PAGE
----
Every design engineer knows that new products are the lifeblood of every
successful manufacturer. But where do great new product ideas come from? Florida
management expert James Higgins points out several paths to bell-ringer products
in his book, Innovate or Evaporate (New Management Publishing Co.)--
Find out what's happening in the rest of the company. At Rubbermaid, for example, engineers adapted a blow-molding technique used to produce picnic coolers to production of a fast-selling line of lawn furniture.
Listen to your distributors. Think about how you can repackage or modify products to make them more appealing to distributors and others who deal with the customer.
Develop brainstorming techniques. Hold regular, no-holds barred sessions that encourage the spontaneous exchange of ideas. An individual can even hold a private "mind mapping" session that starts by writing down the name or description of a central object or problem. Then he or she records all the random facets or issues that branch out from that central concept.
Provide formal training in creativity. A survey by Training Magazine finds that 40% of the nation's 2,500 largest companies now offer such training--double the number ten years ago.
Shake up the organization. If success means developing a product fast to servean important customer, form a skunk-works team with the authority to buck yourinternal bureaucracy and get the product out the door.
Leave room for mistakes. People will never feelcomfortable about exploring new paths if organizations punish them for taking risks that don't yield immediate payoffs.
Reward creativity. Innovative firms recognize that bright employees need more than just the satisfaction of doing a good job. So they have instituted systems of awards, bonuses, and formal "dual track" ladders that allow engineers to receive greater compensation for technical contributions without transferring to management ranks.
Higgins places a special value on "speed" as a trigger for innovation. "Give a designer a year instead of three to develop a product," he says, "and you'll be surprised at the creative things that can happen."
This issue of Design News showcases products that major OEM vendors believe are their most innovative offerings of 1995. Take some time to review these products, not just for their value to your next design, but for the creative touches that they employ. Finally, please help us pick the best of these products by marking the ballot you'll find on page 85.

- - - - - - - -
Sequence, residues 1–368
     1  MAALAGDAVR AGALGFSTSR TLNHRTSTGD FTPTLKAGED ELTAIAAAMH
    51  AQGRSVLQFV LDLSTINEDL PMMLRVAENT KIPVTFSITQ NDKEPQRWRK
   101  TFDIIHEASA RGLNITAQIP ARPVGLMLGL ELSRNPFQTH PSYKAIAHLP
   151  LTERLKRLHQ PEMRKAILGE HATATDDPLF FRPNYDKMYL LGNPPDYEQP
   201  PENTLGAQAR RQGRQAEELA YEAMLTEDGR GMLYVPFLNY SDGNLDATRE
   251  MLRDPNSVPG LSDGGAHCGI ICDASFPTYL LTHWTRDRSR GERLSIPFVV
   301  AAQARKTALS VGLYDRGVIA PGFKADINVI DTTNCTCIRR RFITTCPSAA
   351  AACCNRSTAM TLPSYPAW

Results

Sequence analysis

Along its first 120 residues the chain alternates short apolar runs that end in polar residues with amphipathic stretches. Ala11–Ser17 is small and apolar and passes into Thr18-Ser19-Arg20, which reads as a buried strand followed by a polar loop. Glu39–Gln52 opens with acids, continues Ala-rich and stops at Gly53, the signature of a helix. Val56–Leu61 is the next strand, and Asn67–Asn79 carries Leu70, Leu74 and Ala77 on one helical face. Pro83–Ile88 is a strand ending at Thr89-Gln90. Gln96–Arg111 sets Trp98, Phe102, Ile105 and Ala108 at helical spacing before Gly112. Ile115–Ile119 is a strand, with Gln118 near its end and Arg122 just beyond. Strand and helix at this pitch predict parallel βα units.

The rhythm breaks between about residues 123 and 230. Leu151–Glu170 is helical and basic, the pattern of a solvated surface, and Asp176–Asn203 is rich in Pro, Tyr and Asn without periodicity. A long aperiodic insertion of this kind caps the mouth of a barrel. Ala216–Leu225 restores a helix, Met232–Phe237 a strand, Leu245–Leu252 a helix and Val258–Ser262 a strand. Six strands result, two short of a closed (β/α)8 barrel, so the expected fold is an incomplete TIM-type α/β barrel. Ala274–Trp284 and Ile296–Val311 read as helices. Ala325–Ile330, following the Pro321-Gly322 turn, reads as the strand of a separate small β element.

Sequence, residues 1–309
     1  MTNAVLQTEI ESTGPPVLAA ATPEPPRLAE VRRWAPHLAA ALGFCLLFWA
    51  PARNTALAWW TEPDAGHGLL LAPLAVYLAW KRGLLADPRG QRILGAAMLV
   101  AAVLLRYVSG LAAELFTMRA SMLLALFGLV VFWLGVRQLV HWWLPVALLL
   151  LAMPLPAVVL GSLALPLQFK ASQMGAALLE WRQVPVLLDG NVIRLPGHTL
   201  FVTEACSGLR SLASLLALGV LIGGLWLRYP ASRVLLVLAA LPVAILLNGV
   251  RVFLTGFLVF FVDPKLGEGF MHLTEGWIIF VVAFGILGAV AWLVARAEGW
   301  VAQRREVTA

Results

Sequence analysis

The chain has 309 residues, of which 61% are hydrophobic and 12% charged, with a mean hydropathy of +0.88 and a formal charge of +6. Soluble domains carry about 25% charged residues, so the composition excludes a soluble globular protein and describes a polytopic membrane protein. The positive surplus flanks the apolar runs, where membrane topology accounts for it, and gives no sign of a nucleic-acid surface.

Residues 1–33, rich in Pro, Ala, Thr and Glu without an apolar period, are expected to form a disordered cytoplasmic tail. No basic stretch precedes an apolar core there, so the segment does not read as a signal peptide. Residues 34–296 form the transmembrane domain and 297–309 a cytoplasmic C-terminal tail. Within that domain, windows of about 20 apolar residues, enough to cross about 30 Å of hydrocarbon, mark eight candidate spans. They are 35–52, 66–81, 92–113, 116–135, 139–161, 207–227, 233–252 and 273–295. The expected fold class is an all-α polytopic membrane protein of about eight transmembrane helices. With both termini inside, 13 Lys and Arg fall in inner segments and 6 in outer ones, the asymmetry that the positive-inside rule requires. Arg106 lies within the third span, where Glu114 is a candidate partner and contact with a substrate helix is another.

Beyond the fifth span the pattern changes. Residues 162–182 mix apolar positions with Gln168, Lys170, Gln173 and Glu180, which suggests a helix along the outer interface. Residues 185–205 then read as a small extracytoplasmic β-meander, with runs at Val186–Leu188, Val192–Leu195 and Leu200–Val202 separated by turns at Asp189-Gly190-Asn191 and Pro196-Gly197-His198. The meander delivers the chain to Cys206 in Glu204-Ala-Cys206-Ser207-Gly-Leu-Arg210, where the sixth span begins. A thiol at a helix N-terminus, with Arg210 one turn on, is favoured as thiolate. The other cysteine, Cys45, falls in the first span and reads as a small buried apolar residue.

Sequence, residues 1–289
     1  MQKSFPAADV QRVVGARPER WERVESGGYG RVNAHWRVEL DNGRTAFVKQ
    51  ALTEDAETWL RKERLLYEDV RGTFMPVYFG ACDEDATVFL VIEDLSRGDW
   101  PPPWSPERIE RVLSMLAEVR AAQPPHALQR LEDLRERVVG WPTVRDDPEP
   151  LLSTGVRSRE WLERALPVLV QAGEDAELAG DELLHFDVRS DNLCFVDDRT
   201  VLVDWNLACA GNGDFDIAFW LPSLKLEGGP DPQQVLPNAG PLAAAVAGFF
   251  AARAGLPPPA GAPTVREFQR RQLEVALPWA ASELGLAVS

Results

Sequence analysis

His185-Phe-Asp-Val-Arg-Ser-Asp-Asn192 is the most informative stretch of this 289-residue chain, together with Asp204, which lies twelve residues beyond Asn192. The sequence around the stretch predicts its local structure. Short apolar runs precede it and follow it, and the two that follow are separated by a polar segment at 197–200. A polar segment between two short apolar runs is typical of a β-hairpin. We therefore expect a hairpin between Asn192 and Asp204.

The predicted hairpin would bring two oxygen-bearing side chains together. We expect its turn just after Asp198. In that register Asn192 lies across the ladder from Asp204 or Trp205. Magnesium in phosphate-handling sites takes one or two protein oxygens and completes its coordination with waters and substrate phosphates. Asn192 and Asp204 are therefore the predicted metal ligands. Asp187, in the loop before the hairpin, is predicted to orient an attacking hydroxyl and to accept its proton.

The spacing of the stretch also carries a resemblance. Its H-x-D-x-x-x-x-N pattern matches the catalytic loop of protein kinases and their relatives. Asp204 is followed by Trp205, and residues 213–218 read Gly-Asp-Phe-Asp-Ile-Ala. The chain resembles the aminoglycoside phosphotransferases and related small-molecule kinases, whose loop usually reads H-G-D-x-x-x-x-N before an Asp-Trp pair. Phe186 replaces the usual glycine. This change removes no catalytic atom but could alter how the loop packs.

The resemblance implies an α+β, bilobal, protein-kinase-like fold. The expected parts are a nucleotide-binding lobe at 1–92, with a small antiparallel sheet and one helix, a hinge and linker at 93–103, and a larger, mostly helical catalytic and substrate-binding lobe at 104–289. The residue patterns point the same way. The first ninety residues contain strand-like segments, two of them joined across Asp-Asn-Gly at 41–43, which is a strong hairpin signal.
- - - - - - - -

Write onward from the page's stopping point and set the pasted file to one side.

Truchard will be presented the award at the 2014 Golden Mousetrap Awards ceremony during the co-located events Pacific Design & Manufacturing, MD&M West, WestPack, PLASTEC West, Electronics West, ATX West, and AeroCon.
Robots that walk have come a long way from simple barebones walking machines or pairs of legs without an upper body and head. Much of the research these days focuses on making more humanoid robots. But they are not all created equal.
The IEEE Computer Society has named the top 10 trends for 2014. You can expect the convergence of cloud computing and mobile devices, advances in health care data and devices, as well as privacy issues in social media to make the headlines. And 3D printing came out of nowhere to make a big splash.
For industrial control applications, or even a simple assembly line, that machine can go almost 24/7 without a break. But what happens when the task is a little more complex? That’s where the “smart” machine would come in. The smart machine is one that has some simple (or complex in some cases) processing capability to be able to adapt to changing conditions. Such machines are suited for a host of applications, including automotive, aerospace, defense, medical, computers and electronics, telecommunications, consumer goods, and so on. This discussion will examine what’s possible with smart machines, and what tradeoffs need to be made to implement such a solution.